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Issue 6 2014 - Freight Business Journal


Freight audit & pay specialist buys rival’s operation in Europe

Freight audit and payment

provider enVista has opened a Europe, Middle East and Africa office at Ellesmere Port, near Liverpool by effectively taking over

the EMEA representative

office formerly operated by rival company nVision. Indianpolis-headquartered

EnVista has bought nVision Ltd, which was a separate stand-alone company and is rebranding it as enVista. It will offer the full range of enVista services, which include sophisticated integrated warehouse and transport management suites, as well as traditional freight audit and pay services. All staff at the Ellesmere Port

office will be offered positions and former nVision Ltd owner Dominic McGough will become managing partner in the new company. He brings over 20 years of experience in freight invoice audit and payment and will run enVista’s EMEA operations, including its 20-person multi- lingual staff. Nvision Ltd terminated its agreement to represent its US-

based parent company on 31 August but its parent company moved swiſtly to fill the gap by opening a replacement office in Europe. Nvision senior vice president, global sales and marketing, Keith Snavely said: “nVision Global Technology Solutions, Inc. has opened a new European full service processing centre in Maastricht, Netherlands.” This would continue to provide customer service. It will be managed by Dennis Mengham, who comes to nVision Global from NCR Corporation with over 15 years of Global Freight Audit & Payment experience. Snavely added: “The

Maastricht office will be the perfect compliment to nVision Global’s three other corporate owned, full service processing centres in Atlanta, San Jose, Costa Rica and Ningbo in The People’s Republic of China. In addition to these full service processing centres, nVision Global also maintains a number of support centres throughout Europe and Asia that allow nVision Global to provide a one-stop, single source

solution with a single, global data warehouse to better manage their global supply chains.” However, Pieter Kinds, director

of global account management and sales at another freight audit and pay company, Netherlands- headquartered ControlPay, complained: “nVision is busy buying our staff in Ukraine and is planning on setting up an office there instead.” He predicted that nVision’s Maastricht office would in fact end up as a front a much larger operation in the troubled East European country, which has been a popular location for ‘back room’ freight audit and pay operations. ControlPay has had operations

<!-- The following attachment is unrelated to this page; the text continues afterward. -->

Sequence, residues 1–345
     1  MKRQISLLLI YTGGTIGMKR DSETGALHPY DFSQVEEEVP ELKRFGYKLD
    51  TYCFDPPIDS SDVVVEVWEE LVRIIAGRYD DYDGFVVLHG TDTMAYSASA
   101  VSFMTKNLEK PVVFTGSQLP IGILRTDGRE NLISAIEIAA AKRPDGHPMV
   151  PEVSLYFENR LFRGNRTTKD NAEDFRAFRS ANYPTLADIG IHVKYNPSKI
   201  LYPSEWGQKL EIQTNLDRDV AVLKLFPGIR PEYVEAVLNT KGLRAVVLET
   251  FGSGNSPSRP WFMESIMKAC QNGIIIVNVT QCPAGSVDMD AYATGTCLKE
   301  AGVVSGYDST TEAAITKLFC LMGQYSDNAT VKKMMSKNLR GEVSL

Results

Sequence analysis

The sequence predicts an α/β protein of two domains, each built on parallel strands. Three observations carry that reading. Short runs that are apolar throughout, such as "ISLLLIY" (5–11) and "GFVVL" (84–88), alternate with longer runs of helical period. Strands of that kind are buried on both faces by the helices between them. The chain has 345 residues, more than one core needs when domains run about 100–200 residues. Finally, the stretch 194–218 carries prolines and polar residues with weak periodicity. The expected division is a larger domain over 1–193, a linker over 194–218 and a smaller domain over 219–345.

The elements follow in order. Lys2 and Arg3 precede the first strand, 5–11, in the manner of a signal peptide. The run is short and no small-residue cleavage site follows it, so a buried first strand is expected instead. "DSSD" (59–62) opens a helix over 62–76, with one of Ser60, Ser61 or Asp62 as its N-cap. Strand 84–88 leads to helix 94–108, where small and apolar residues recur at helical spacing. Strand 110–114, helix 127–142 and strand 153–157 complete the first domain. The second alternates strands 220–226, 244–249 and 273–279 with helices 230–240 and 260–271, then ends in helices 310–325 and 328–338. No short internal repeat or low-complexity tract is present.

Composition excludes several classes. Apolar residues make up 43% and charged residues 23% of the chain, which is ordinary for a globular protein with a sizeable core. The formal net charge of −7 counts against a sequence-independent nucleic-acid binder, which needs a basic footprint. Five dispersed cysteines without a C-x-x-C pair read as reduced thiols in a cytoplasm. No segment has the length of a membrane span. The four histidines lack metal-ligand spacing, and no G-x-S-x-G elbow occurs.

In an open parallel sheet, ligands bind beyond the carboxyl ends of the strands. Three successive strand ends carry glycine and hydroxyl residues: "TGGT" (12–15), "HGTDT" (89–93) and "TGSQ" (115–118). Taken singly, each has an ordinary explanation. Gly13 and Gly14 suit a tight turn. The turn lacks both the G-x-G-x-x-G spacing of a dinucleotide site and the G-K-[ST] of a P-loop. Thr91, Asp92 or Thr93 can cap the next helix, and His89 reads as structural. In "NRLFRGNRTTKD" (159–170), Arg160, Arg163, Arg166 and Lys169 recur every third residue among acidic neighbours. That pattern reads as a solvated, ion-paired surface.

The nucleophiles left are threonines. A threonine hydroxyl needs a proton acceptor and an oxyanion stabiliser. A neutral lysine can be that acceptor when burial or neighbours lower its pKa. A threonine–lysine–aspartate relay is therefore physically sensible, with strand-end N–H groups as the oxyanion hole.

in Kiev for 10 years, a region has not been directly involved in recent events in the country though staff have obviously been affected by development elsewhere. Freight audit and pay (FA&P)

services, although a long- established feature of the North American industry, are a relatively new phenomenon in the UK and European market. Traditionally, FA&P providers kept track of

Row brews in Brussels as truckers sleep

The International Road Transport Union (IRU) has criticised some EU member states for insisting that drivers take their statutory weekly rest outside their truck cabs, claiming that it is a protectionist measure. It follows France’s adoption of a law imposing fines of €30,000 on companies, and up to a year’s imprisonment for drivers, who take their weekly rest in sleeper cabs and Belgian legislation imposing fines of up to €1,800 on drivers for similar infringements. IRU described the sanctions as disproportionate and an attempt to protect national markets. The issue was raised at a Transport Council working

oſten complex freight billing for companies that lacked their own specialist staff, checking that freight invoices had been made out correctly. However, FA&P companies have increasingly offered more sophisticated supply chain management and analysis services, while retaining their freight auditing functions.

group in late June, when several member states also questioned the legality of the sanctions. Current EU legislation states

that daily and reduced weekly rest periods away from base may be taken in a vehicle, as long as it has suitable sleeping facilities for each driver and the vehicle is stationary but this apparently allows national authorities to interpret what is meant by suitable sleeping facilities. Most trucks used in long distance haulage are fitted with sleeper cabs. Drivers resting up in truck

parks and lay bys for long periods are a common sight on the roads

enVista president and CEO

Jim Barnes said, “We are very excited to expand our global presence and improve our ability to serve companies worldwide with global freight invoice audit and transportation spend management requirements. enVista has some of the deepest freight invoice audit and payment

of Europe, especially those from eastern Europe. Forcing them to seek a hotel bed for one or more nights could impose significant increased costs on such operators. Given the lack of secure truck parking in much of Europe, many would also object to the security implications of drivers being forced to abandon their vehicles for long periods. However, Gilles Savary,

the former MEP who draſted the French legislation was unrepentant, saying that he was determined to stop the exploitation of low-cost labour and would continue his lobbying efforts with the European Commission.

expertise in the industry.” enVista’s managing partner,

transportation solutions, Stephen Craig, added: “enVista is heavily investing in expanding not only our presence to serve the market worldwide but also in our myShipINFO global freight audit and payment solution.” (See feature, page 22)

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